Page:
To ensure a thorough exploration of possible designs, a number of further elaboration of these approaches can be found in our design alternatives poster (click here to see!). Through our poster session, we obtained valuable feedback for each design. While the reaction to each approach was positive, there was a noticeable preference toward Whale Tale since it’s a more novel approach that can address multiple recycling themes.

The Prototype

With the information acquired from the poster session, the interactive narrative design approach (Whale Tale) was chosen. The story was embellished to a sci-fi theme titled The Galactic Voyage, since it provided more creative freedom in regards to narrative and thematic choices.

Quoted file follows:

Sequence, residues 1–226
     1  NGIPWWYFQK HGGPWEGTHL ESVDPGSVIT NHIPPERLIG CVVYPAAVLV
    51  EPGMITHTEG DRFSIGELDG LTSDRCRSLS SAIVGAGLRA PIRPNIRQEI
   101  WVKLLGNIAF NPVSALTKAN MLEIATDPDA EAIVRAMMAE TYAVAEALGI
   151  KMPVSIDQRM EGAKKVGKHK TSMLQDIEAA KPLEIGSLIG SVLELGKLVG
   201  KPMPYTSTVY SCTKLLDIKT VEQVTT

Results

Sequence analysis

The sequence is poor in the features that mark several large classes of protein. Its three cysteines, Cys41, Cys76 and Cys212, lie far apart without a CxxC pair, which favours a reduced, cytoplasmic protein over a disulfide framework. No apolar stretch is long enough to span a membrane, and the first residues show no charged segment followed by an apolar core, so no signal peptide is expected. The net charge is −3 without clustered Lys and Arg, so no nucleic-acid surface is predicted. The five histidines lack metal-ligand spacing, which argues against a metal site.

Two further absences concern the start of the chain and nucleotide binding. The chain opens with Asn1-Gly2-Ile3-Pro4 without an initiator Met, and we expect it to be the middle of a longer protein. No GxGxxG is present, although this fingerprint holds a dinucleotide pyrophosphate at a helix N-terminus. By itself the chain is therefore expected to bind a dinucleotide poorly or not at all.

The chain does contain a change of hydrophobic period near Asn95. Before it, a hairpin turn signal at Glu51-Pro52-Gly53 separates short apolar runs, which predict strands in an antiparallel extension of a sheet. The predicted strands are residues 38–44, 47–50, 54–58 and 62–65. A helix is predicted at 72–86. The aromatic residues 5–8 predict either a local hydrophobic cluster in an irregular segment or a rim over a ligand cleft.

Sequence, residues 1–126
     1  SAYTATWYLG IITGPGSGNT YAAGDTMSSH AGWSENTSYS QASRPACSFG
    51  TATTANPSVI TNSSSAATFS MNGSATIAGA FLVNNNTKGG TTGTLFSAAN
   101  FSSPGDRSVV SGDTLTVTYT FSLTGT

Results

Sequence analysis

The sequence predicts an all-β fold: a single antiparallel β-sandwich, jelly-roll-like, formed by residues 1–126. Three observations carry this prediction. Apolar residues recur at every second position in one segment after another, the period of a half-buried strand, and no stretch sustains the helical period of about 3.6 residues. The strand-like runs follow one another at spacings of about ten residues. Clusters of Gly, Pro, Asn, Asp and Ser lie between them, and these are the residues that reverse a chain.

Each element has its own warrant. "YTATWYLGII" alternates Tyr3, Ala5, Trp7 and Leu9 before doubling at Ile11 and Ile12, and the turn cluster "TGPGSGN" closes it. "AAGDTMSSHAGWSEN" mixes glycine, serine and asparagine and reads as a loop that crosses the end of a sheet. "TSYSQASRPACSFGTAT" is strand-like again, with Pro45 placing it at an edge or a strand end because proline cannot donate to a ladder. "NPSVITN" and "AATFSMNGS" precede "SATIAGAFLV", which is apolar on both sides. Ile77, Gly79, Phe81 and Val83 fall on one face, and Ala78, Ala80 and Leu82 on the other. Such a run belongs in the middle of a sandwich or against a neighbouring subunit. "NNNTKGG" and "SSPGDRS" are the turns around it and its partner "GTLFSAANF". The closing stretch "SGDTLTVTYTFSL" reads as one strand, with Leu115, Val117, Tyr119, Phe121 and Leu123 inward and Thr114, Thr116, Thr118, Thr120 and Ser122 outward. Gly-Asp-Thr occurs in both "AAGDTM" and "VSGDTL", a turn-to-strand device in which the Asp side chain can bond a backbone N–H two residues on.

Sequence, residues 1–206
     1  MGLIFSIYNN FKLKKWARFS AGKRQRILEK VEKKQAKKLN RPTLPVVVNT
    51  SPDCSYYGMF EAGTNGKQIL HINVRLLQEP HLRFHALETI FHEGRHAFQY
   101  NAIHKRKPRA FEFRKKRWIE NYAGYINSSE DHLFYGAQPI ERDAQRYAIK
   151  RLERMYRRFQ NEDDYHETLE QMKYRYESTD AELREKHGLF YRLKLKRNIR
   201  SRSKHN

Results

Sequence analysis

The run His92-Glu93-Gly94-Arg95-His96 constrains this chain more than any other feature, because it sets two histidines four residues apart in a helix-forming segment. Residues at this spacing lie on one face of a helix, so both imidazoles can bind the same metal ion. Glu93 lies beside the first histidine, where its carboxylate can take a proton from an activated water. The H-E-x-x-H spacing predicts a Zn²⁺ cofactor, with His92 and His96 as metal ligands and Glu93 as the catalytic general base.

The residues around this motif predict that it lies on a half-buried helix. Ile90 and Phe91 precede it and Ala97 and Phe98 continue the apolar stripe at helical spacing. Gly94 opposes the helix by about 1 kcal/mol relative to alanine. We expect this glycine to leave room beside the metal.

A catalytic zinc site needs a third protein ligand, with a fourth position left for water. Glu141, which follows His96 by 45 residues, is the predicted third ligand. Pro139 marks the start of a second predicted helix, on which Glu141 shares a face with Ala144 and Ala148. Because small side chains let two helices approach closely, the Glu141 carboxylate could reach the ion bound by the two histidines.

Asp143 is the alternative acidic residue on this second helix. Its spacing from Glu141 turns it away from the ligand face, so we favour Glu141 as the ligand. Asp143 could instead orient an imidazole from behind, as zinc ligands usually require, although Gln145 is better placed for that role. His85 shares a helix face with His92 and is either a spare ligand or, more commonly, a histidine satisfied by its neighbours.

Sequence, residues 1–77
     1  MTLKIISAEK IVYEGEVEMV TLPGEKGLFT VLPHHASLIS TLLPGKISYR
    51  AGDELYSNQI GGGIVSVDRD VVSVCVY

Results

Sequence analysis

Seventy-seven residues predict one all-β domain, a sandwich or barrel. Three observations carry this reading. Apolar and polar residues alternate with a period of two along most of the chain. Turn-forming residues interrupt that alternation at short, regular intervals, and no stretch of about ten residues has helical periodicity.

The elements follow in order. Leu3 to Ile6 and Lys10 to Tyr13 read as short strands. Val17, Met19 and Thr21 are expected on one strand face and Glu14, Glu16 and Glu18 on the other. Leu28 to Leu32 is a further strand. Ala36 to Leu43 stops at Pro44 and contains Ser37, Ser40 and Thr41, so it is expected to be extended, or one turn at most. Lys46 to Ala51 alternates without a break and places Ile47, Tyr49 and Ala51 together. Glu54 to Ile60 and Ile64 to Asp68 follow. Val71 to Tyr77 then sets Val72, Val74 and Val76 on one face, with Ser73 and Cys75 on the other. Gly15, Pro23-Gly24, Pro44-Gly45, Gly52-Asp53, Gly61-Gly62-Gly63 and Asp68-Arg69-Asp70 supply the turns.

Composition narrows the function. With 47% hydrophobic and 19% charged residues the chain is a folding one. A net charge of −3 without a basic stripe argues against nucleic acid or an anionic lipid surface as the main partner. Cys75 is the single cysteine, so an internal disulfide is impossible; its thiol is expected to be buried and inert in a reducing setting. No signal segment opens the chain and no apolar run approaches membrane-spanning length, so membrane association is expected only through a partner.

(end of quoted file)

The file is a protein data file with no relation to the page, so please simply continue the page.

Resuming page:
Our prototype utilized YouTube and its annotation/caption features (to simulate buttons) as well as a Windows 8 QR code scanner application. Simulated score updates and save progress indicators were placed throughout the videos to further increase the “gaming” experience of our system. To control our testing environment, custom-made QR codes were placed on recyclable items that automatically took users to the appropriate video. Furthermore, our prototype was designed to handle user error. For example, if the child scans in a non-recyclable item, a character in the narrative tells them so. In addition, a touchscreen laptop was used to simulate the mobile application interaction. The main menu of our prototype can be found below. You can also click the "buttons" (youtube annotations) on the video to navigate around the game!


Usability Testing